Keegan Checkett attends a man who has arrived back from the US Comfort Navy Ship
27. February 2010 10:23
Team Chicago #3 has been in country nearly a week and we're starting to absorb the enormity of the problems of this country. This week we've a number of transports from a hospital in Jimini, DR, that is closing and sending us their patients. We've also received several of our own patients back from the USS Comfort where they were sent for treatment that we couldn
't offer here.
Every day a new team arrives and another leaves. A team from Ecuador left the other night. New teams shift in and out from Operation Smile, who lead surgeries. The tents are extremely hot and sometimes the nurses and patients prefer to be cared for outside, in between tents or just outside their tents. A large tent is about to be built where the staff can have meetings and the two surgery igloo tents will have to be moved.
Karen Arndt, RN, is taking over the pharmacy and is also helping to train a Haitian to assist doctors in getting drugs. Karen is a flight nurse, so she has to rush from pharmacy whenever she hears the roar of the helicopter overhead.
This morning I watched Chris Sullivan, MD, place an interior fixator in a 62-year-old man who was having trouble with the exterior fixator that he'd come to camp with. Chris said he had adjusted it the day before but the patient was complaining the adjustment was hurting. With the help with another doctor from Operation Smile, they removed the external fixator and inserted an internal rod. I watched the surgery, which was a bit like carpentry with all the gadgets. (I hope to upload photos later. I'm not allowed to upload during the day because the hospital needs the lines) No one is ready to go home, but they see how work needs to be done and wish they could stay longer than two weeks. Melanie Plumley, RN, assessed the situation this way: "There's never enough people. There's always something to do. I can't do enough. It's hot. I want to stay. Two weeks is not enough. I can't even get all the dressings done just to see everyone. I wonder how they stand the heat. They are very vulnerable people. If I had to stay here, you'd have to pack me in ice. It's not as bad as I thought it would be. It's like we went camping. The reality of the wounds though is this is going to be a stump generation."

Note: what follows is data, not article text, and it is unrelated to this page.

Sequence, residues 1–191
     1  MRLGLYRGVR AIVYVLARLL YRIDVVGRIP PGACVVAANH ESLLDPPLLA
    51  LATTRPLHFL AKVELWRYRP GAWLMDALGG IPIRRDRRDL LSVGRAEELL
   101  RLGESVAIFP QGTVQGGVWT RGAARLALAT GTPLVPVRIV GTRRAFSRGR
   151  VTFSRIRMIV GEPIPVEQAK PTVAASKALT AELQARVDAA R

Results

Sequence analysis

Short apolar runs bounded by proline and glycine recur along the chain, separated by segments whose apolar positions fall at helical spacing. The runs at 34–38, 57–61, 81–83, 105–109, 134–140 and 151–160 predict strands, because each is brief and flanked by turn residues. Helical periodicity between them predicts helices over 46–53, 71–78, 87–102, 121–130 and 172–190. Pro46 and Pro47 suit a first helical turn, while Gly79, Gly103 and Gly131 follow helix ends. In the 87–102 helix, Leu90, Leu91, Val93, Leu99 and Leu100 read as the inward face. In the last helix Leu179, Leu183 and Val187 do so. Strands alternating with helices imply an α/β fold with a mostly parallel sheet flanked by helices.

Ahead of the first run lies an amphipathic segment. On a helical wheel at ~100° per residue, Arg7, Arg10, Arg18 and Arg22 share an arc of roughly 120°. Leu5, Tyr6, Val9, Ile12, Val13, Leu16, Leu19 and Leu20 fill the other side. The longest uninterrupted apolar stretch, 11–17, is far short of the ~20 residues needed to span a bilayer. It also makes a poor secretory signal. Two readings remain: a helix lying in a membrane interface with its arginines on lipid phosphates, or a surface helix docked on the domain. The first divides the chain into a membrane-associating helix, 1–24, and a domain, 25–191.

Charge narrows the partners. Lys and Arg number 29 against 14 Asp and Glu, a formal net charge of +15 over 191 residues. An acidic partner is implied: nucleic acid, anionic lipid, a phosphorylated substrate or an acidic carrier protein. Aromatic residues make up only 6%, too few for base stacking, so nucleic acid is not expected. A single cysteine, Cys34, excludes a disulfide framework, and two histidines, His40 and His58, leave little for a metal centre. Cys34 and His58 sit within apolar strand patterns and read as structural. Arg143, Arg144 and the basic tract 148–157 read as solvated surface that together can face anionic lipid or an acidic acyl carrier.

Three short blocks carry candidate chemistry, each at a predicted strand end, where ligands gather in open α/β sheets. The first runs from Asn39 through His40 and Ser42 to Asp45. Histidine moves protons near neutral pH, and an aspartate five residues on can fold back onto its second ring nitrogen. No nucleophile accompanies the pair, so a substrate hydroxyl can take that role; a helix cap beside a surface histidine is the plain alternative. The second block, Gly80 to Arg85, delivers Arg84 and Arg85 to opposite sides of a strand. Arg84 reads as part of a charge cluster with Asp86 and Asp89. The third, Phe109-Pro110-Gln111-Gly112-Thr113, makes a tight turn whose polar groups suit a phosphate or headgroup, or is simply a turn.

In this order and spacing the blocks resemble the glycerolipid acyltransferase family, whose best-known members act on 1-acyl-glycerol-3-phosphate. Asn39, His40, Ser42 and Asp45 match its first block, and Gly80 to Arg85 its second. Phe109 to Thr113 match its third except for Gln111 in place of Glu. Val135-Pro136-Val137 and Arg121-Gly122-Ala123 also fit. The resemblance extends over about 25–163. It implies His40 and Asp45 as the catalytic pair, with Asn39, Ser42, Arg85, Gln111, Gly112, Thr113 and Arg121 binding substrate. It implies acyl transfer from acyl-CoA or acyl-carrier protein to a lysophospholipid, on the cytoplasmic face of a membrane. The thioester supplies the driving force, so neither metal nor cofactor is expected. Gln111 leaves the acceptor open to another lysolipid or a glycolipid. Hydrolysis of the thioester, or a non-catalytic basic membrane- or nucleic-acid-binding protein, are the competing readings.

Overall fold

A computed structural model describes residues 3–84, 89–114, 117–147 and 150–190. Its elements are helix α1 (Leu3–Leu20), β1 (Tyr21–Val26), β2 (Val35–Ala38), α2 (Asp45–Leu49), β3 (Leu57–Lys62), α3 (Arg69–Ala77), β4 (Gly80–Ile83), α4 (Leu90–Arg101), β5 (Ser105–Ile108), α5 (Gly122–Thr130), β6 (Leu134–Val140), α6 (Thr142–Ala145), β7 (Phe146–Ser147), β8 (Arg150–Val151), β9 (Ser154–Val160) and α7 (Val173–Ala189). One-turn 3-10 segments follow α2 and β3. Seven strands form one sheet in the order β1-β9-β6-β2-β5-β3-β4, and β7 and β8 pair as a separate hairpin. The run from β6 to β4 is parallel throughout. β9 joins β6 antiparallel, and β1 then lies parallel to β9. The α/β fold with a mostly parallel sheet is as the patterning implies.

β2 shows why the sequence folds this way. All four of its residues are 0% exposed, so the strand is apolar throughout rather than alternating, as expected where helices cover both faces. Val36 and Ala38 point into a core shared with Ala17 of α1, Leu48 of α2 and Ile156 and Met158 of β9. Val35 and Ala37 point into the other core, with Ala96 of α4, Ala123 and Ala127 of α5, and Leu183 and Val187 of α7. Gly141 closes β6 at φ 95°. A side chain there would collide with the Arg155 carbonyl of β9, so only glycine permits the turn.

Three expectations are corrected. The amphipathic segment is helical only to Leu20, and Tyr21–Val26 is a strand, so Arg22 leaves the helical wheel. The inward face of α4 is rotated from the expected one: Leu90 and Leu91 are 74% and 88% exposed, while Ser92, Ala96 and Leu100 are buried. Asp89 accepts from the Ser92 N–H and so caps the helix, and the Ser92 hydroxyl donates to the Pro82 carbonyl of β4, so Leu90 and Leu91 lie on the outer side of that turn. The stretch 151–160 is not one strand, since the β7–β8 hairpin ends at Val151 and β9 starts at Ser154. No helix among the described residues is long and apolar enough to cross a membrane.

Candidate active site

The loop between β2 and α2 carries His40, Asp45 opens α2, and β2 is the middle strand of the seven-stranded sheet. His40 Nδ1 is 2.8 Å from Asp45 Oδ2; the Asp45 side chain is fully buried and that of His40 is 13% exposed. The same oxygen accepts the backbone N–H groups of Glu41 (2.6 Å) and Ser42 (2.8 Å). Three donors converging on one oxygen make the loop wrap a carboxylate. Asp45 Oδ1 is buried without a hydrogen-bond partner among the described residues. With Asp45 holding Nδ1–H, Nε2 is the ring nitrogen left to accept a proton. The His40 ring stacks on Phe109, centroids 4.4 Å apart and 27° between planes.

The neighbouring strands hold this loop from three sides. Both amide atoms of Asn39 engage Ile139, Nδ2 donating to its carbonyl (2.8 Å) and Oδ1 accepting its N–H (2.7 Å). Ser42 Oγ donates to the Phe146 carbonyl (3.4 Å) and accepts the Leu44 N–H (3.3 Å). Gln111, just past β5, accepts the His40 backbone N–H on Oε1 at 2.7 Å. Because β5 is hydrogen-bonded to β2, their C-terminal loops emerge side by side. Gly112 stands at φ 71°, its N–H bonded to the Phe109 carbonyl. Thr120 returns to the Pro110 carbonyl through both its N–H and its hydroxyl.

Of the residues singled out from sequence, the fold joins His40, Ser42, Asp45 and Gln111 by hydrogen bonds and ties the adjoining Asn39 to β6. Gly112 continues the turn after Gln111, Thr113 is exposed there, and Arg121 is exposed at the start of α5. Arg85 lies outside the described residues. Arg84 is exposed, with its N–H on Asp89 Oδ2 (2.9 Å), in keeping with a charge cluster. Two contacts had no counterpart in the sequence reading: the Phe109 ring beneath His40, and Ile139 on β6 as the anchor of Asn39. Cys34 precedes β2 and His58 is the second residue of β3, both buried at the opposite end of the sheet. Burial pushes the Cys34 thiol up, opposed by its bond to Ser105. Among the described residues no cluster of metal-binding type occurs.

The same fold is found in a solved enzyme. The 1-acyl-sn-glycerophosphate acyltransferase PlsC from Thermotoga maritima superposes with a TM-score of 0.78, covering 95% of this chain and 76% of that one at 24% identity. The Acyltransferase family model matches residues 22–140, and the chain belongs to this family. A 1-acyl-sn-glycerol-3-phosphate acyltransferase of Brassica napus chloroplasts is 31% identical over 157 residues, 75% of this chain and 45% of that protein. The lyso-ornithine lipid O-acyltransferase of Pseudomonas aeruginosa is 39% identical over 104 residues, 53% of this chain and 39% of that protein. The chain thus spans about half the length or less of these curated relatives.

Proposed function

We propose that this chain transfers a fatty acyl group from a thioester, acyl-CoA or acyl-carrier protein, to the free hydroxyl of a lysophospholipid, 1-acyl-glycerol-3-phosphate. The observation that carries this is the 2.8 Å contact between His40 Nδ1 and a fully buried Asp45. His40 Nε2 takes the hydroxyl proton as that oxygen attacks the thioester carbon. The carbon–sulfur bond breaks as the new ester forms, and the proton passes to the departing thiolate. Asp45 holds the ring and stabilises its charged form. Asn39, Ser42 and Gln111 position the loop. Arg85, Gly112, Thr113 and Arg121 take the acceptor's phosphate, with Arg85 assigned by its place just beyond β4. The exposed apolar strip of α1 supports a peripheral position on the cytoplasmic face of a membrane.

25. February 2010 07:42
Top photo: A young man in Port-au-Prince whose home was destroyed in the earthquake. He is living out of the garage. Middle photo: The tent city outside the presidential palace. Bottom photo: A couple plays Dominos outside their tent in the street. Their home was destroyed by the earthquake.
25. February 2010 07:35
Yesterday Christian Theodosis and I made a trip into Port-au-Prince. Christian had a meeting with the assistant to the Ministry of Health whose signature was imperative for the camp to file for UN funding. After much waiting, we were finally granted an audience with Claude Surena. He was quite charming and he and Christian hit it off. Afterwards Christian showed me around to some of the most devastated neighborhoods.
Top: A man digs out his barber shop one shovel at a time. Bottom: Shacks built on the hillside that were destroyed in the earthquake.
24. February 2010 08:09
Top: Karen Arndt, Chief flight nurse at UCMC, with the young Haitian men she trained to take patients off helicopter transports. Bottom: Workers in kitchen.